Data analysis is the art and science of transforming raw data into meaningful and useful information. Historically, businesses have used data analysis to monitor their overall performance and to better understand factors that drive that performance, such as customer preferences and purchasing habits. But data analysis can also be used to identify cybersecurity threats, risks, and incidents, helping businesses become safer and less vulnerable to cyber attacks.
Businesses today are awash with data. According to IBM, we create 2.5 quintillion bytes of data every single day, meaning that 90% of the data in the world today has been created in the last two years alone. Many in the industry refer to this massive amount of data as “big data”, a term used for data sets that are so big or complex that they become difficult to capture, process, and store.
Because of the proliferation of data and the ever-changing face of technology and its accompanying risks, making accurate and timely enterprise-level cybersecurity decisions can be difficult. Although big data can be challenging, its sheer breadth and depth also present businesses with an almost unlimited capability to proactively monitor and mitigate potential cybersecurity issues.
Cybersecurity is concerned with protecting digital assets, networks, and computers from attack or unauthorized access of data. As businesses continue to rely on technology and the Internet, they also face the increased risk of cybercrime. And due to the constantly evolving nature of technology and related security risks, preventing cybercrime is a challenging responsibility.
Fortunately, data analysis also has the potential to be used to identify the risks that have resulted from the exponential growth of technology and the Internet, and our increasing reliance on both. Data analysis can give businesses a comprehensive view of internal and external risks by alerting decision makers about potential fraud, unusual network traffic patterns, hardware failures, and security breaches. It converts data into actionable information, helping businesses move their cybersecurity measures from a reactive state to a proactive state.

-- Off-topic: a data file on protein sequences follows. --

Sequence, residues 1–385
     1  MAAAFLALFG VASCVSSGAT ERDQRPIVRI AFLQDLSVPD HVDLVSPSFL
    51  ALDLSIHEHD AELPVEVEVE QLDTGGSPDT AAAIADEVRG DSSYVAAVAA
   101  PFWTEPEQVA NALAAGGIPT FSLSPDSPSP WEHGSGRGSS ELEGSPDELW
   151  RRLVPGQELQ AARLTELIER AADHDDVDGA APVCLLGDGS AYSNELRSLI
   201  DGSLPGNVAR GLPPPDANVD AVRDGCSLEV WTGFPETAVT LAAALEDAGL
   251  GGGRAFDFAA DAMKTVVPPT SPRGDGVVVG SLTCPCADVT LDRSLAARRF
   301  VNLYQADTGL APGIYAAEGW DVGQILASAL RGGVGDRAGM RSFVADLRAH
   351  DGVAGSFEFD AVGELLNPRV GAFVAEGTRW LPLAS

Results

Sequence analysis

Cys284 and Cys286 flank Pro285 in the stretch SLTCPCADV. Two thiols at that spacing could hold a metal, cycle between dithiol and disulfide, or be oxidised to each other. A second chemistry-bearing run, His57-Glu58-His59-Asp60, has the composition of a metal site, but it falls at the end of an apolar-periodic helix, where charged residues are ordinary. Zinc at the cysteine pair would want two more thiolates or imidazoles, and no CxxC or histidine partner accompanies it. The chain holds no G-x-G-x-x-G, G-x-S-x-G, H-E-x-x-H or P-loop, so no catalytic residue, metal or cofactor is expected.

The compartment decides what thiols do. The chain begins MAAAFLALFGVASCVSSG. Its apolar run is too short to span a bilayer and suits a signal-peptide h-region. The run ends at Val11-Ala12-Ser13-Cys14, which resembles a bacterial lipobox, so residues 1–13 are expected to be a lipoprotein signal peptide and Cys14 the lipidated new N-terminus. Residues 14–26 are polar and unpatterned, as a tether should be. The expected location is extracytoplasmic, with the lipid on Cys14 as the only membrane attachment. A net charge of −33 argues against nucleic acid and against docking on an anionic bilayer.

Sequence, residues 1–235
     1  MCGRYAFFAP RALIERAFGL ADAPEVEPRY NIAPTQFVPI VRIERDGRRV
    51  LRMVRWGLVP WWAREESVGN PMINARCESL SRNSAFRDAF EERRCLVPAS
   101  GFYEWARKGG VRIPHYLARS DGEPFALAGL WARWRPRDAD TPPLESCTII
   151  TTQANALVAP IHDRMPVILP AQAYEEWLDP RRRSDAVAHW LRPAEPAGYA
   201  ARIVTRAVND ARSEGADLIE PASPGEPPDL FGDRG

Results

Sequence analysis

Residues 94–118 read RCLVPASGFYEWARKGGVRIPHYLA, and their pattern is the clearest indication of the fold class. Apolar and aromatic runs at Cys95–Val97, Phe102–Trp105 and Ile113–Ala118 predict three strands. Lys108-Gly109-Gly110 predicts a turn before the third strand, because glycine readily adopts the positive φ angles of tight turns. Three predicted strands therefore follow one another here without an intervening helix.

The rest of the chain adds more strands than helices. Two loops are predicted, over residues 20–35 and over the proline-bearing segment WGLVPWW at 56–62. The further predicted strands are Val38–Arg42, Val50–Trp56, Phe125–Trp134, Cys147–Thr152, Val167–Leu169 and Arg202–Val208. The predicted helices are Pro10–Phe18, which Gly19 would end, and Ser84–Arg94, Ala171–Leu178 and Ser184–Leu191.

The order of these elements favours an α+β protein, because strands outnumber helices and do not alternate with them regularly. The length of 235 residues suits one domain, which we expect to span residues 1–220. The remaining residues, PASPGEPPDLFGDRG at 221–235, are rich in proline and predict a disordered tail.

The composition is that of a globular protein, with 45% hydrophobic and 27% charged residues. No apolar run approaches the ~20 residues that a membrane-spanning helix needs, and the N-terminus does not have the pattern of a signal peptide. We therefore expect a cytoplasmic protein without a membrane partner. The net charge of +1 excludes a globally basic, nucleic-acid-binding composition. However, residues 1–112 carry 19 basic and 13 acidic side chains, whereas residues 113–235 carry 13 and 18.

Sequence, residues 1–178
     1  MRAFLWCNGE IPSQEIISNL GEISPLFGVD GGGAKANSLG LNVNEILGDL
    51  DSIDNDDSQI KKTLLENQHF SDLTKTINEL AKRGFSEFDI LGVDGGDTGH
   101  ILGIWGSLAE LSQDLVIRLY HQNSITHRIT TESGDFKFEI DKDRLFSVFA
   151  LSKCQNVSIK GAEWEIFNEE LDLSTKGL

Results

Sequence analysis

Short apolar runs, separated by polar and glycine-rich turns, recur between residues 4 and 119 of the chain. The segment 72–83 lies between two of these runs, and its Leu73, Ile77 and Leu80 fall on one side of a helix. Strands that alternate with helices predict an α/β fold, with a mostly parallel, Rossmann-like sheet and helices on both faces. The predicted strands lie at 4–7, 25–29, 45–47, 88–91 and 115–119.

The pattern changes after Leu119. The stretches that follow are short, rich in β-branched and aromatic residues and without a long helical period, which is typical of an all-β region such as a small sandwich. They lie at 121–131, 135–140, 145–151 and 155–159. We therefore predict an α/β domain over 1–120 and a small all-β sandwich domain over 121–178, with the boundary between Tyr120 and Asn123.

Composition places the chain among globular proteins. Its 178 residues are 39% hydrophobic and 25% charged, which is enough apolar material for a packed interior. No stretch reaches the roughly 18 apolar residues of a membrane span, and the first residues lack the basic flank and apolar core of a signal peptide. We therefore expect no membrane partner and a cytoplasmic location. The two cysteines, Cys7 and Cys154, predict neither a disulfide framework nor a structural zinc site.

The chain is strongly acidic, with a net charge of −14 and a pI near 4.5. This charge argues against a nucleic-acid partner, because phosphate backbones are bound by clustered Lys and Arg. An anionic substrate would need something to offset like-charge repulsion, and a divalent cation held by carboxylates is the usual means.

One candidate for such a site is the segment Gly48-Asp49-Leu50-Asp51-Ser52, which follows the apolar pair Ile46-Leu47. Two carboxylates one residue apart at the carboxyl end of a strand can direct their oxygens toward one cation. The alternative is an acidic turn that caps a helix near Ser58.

Data analysis positions typically require a strong aptitude in mathematics, statistics, computer science or other analytical discipline. Most analysts have a bachelor’s degree in a related field of study, but those who want to pursue a cybersecurity specialization might want to obtain a specific degree in cybersecurity, such as the Master of Science in Information Assurance and Cybersecurity. This program focuses exclusively on cybersecurity, giving students in-depth knowledge and training on how to recognize, evaluate, and mitigate a variety of potential threats.
According to the Bureau of Labor Statistics (BLS), cybersecurity-related positions are expected to have favorable prospects. Due to the increase in frequency and sophistication in cyber attacks over the past few years, the demand for qualified analysts is on the rise. The BLS projects a 22 percent increase in employment information security analysts from 2010 to 2020.